After all, Bird just ousted someone who might be a better coach than any replacement.

Frank Vogel out as Pacers coach

Larry Bird, Frank Vogel
AP Photo/Michael Conroy
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After leaving Frank Vogel hanging for a few days – something he explicitly said he hoped to avoid – Pacers president Larry Bird finally ousted the coach.

“It’s time for a new voice around here,” Bird said at a press conference today. “Sometimes my job really sucks, and this is one of the toughest things I’ve done.”

Bird clarified that Vogel wasn’t fired, that his contract had expired and wasn’t being renewed.

Will there be a search now to replace Vogel? Kevin McHale has already been mentioned as a candidate, and he’d make sense. He played on Bird’s Celtics and learned an up-tempo system with the Rockets.

Vogel is now free to interview with the Rockets, and I think he’d be a home-run hire. Vogel’s defensive skills are badly needed in Houston, and perhaps the the Rockets’ institutional knowledge could fine-tune his offense.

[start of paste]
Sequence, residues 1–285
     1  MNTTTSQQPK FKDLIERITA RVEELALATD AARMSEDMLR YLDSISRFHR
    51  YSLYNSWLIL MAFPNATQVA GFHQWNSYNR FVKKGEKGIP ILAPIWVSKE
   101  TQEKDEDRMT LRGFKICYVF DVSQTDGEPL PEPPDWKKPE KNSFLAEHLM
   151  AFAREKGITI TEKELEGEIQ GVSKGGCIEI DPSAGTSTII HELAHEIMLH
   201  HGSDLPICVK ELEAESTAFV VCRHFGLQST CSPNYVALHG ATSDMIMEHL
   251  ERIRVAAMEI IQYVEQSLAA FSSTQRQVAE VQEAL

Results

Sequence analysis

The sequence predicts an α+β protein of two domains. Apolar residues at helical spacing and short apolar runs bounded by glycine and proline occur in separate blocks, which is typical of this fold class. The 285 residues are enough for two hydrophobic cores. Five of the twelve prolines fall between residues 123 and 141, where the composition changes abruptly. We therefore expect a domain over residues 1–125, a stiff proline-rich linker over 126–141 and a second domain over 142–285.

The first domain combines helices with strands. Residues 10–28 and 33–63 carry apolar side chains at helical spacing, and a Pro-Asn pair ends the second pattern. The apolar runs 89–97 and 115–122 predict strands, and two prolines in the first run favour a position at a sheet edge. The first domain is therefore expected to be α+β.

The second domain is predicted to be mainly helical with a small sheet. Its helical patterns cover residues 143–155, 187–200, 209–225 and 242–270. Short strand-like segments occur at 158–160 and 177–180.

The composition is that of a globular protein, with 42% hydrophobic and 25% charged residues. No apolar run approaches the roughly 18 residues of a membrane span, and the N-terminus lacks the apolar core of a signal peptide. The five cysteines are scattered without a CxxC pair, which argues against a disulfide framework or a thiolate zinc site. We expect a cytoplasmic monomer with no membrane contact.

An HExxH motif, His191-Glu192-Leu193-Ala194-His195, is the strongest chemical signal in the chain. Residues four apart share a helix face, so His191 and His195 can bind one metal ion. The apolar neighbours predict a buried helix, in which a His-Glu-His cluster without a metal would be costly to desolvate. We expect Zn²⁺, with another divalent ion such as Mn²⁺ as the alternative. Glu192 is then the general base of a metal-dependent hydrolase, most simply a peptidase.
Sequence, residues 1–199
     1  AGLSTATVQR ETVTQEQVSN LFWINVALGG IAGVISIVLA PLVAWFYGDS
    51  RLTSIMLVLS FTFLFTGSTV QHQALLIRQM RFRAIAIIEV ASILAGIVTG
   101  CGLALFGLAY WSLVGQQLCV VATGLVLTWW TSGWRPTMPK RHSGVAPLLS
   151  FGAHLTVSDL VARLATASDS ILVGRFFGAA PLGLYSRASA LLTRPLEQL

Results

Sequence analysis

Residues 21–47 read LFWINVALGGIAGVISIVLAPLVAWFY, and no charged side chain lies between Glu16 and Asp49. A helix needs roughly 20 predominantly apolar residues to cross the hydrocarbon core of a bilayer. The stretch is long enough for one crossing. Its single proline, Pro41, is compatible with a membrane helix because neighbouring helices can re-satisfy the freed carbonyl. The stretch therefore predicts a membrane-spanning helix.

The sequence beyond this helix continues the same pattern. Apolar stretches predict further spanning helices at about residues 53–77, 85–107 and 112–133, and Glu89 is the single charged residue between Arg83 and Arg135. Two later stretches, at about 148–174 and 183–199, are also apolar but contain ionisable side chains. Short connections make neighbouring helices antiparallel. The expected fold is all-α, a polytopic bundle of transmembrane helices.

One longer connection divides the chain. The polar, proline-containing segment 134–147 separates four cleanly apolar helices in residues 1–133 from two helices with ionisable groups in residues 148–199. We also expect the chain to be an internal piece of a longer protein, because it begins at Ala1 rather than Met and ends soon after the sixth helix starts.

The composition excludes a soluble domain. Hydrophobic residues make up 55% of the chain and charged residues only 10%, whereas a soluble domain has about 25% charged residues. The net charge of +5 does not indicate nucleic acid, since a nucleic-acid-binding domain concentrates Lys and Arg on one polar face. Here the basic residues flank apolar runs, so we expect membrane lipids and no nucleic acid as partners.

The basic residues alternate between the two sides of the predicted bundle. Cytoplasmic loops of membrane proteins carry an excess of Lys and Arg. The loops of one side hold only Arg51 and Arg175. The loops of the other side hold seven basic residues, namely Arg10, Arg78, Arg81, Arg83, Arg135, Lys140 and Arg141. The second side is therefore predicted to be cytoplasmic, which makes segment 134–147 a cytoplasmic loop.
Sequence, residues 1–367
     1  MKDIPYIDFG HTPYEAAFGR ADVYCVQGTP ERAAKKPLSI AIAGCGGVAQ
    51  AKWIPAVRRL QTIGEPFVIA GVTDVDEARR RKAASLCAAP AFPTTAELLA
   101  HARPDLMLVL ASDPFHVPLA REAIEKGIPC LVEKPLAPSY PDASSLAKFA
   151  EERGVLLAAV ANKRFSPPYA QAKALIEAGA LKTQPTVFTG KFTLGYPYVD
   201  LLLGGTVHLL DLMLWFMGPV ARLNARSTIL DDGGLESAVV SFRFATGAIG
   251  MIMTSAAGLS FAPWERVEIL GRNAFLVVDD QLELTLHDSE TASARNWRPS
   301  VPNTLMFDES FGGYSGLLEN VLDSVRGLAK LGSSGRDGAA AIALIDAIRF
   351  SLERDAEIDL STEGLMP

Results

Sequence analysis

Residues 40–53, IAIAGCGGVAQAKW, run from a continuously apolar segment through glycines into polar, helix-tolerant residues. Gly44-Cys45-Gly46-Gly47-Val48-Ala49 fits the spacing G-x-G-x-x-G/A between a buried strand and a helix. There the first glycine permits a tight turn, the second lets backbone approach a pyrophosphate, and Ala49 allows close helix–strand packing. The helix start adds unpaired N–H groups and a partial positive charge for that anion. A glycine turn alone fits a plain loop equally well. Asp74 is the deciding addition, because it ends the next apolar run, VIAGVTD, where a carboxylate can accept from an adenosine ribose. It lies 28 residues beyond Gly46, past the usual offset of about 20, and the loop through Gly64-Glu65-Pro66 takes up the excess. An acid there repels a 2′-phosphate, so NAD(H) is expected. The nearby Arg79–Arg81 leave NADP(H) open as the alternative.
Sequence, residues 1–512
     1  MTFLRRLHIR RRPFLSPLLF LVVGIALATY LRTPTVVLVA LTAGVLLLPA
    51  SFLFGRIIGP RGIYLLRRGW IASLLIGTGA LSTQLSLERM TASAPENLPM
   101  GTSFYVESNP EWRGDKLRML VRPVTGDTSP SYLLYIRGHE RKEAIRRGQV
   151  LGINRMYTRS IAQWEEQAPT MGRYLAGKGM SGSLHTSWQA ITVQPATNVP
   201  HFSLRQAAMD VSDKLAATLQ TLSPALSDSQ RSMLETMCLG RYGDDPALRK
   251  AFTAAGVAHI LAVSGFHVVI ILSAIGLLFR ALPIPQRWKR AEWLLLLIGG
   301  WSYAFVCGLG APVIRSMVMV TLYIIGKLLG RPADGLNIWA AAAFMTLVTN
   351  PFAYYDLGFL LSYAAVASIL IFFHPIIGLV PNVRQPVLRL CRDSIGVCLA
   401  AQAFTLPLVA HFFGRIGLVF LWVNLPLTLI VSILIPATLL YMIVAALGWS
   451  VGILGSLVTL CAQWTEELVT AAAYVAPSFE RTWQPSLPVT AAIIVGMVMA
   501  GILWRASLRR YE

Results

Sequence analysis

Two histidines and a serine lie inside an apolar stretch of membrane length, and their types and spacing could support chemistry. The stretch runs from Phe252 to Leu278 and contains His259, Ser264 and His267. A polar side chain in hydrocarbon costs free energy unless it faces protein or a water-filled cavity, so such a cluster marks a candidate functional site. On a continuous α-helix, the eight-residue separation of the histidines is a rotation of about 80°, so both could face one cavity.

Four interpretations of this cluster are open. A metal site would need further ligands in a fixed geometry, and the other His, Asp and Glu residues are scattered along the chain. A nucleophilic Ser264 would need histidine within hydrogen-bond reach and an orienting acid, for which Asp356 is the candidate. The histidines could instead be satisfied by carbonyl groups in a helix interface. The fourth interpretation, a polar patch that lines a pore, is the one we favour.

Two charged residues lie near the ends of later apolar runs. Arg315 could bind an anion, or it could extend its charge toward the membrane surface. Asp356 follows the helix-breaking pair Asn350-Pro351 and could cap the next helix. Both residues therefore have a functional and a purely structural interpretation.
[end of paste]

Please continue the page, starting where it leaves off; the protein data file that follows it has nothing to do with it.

Report: Rockets talking to Jeff Hornacek, Sam Cassell, Stephen Silas, Chris Finch

Phoenix Suns coach Jeff Hornacek directs his players in the second half of an NBA exhibition basketball game against the Houston Rockets Monday, Oct. 13, 2014, in Houston. The Rockets won 95-92. (AP Photo/Pat Sullivan)
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There are the big names: Jeff Van Gundy, David Blatt, Mike D’Antoni and Frank Vogel.

There’s the catchy name: Kenny Smith.

And there’s the eliminated name: J.B. Bickerstaff.

Expect many more names in the Rockets’ coaching search.

Adrian Wojnarowski of Yahoo Sports:

Houston owner Les Alexander and general manager Daryl Morey met with Bickerstaff on Monday, as well as Los Angeles Clippers assistant coach Sam Cassell and Houston assistant Chris Finch, league sources said.